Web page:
|Tlyuda, open faced|
Mi Estómago Está en los Cielos
One of the things that Suzanne and I really miss around here is Oaxacan food. Nearly every state in Mexico has some sort of regional cuisine, and it’s likely unknown in other states. For instance, when I was teaching down there my students insisted that a burrito was American food, like hot dogs. I asked them, “Where do you get burritos in Oaxaca?” They all had the same answer: “MacDonalds breakfast burrito.” And they were right!
It is said that the last words of Porfirio Diaz, the dictator “president” who was finally tossed out by the Revolution and died in Paris (I have seen his tomb!), were lamenting for Oaxacan food. I’m a bit surprised that he didn’t take any decent cooks with him into exile, but am not surprised that he died because he didn’t get any.
Our favorite food Oaxacan food is Tlayudas. Memelitas and Chiliquilles are close behind. We have a “Oaxacan” restaurant in Eureka nearby, but they don’t serve those—they only have several moles, which is something else Oaxaca is famous for. It is impossible to find Oaxacan food anywhere except two places: Oaxaca and Los Angeles.
Los Angeles has a huge Oaxacan population. It’s so large that they celebrate Guelaguetza (pronounced Gway-la-gates-a) there, which is a strictly Oaxacan fiesta. Eight indigenous groups live in Oaxaca, and on Guelaguetza representatives from all of them come into the city for a mutual dance fiesta. The government has a huge formal presentation of a favorite “foundation story,” a love story which ends with the Oaxacan heroine being beheaded. It’s in a stadium and is a huge production with lights and a band and all. We never saw it, but we always attended the more casual one in one of the city squares. Even without understanding Spanish we loved it. And Los Angeles has one!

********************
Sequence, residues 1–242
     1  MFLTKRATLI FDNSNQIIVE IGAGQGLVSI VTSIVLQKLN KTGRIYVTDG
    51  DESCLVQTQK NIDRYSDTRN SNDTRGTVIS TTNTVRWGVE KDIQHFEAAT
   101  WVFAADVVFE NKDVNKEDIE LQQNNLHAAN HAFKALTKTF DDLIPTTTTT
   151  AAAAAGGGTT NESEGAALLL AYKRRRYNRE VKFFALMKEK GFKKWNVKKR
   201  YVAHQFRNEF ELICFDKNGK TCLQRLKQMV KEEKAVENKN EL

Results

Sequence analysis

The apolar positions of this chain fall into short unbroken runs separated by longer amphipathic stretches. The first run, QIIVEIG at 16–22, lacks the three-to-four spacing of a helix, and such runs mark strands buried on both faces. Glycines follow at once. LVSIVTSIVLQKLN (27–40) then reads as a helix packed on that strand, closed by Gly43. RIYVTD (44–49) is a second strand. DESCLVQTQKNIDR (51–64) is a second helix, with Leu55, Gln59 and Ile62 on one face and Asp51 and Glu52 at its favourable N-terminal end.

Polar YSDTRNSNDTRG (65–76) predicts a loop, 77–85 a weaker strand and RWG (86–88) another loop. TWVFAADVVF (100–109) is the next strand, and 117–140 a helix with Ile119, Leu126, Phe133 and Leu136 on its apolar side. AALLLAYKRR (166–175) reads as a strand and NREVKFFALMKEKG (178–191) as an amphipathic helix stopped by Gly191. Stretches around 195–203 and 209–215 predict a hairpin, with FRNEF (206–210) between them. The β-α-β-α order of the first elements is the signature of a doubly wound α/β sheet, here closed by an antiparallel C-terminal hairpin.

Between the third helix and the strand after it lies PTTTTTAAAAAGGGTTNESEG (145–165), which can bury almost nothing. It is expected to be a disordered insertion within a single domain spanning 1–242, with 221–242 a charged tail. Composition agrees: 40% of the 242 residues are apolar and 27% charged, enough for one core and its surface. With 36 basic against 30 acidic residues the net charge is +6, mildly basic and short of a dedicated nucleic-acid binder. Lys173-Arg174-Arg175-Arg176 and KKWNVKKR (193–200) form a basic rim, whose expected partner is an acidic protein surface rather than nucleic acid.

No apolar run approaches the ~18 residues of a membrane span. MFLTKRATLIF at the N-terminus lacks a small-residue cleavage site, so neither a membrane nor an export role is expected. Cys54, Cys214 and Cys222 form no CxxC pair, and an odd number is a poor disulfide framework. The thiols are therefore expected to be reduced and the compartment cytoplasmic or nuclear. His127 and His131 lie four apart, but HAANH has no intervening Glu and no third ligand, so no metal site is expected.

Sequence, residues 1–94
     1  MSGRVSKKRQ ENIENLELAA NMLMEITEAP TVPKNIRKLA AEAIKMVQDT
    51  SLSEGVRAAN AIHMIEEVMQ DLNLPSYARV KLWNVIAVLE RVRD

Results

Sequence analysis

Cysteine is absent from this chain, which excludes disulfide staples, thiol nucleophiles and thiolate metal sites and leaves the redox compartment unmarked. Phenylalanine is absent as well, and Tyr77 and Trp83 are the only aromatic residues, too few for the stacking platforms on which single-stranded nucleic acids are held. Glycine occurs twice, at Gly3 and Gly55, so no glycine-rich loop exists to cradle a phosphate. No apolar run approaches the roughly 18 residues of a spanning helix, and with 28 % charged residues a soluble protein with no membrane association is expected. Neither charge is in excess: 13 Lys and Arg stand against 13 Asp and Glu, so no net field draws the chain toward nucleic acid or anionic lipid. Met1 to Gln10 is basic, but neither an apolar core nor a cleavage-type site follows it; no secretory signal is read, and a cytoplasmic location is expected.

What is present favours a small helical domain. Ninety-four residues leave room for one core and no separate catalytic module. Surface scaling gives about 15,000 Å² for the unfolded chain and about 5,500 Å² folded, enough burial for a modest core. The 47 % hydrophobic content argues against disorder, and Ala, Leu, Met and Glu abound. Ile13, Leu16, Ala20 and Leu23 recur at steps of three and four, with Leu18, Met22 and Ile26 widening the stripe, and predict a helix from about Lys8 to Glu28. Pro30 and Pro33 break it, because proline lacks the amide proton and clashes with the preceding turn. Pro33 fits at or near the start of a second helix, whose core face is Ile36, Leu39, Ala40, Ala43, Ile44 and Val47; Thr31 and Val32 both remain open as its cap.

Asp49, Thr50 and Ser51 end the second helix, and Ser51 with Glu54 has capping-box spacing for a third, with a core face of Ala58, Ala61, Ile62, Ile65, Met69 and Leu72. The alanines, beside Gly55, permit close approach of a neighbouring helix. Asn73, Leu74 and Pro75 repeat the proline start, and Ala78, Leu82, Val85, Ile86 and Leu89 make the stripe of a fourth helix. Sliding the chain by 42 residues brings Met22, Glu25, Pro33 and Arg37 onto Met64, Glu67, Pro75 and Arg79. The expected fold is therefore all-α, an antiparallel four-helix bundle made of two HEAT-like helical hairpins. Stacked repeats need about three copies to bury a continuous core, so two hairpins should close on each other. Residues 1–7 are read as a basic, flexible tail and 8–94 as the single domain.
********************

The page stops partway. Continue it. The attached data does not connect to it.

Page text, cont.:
I went to Los Angeles with my friend Don to translate and be his “stand behind” while visiting a curandero (healer) from Guatemala. Don got a nerve nicked in a surgery, and none of the neurologists are able to do anything for him. However, Tata, the curandero, did help. Lots. In fact, one of the neurologists told him he was better off getting results from the healer than with further modern procedures. So off we went. The healing went fine, but for me the really high point was that we visited el restaurant Guelagetza. Don was a bit worried at first since it was in east LA, reputedly a dangerous place. Not so, we went with some friends from down there.
And it was scrumptious.
And the next day we went again for lunch, as we had some time to kill. The waiter was from Puebla, and when he realized I’d actually been there—I mentioned admiring the statue of General Zaragosa, the victor of the Battle of Cinco de Mayo—he was quite pleased. (Puebla is just about the only place in Mexico that celebrates Cinco de Mayo. No one is sure why it became the American Mexican holiday.) I had chilaquiles this time.
And it was scrumptious.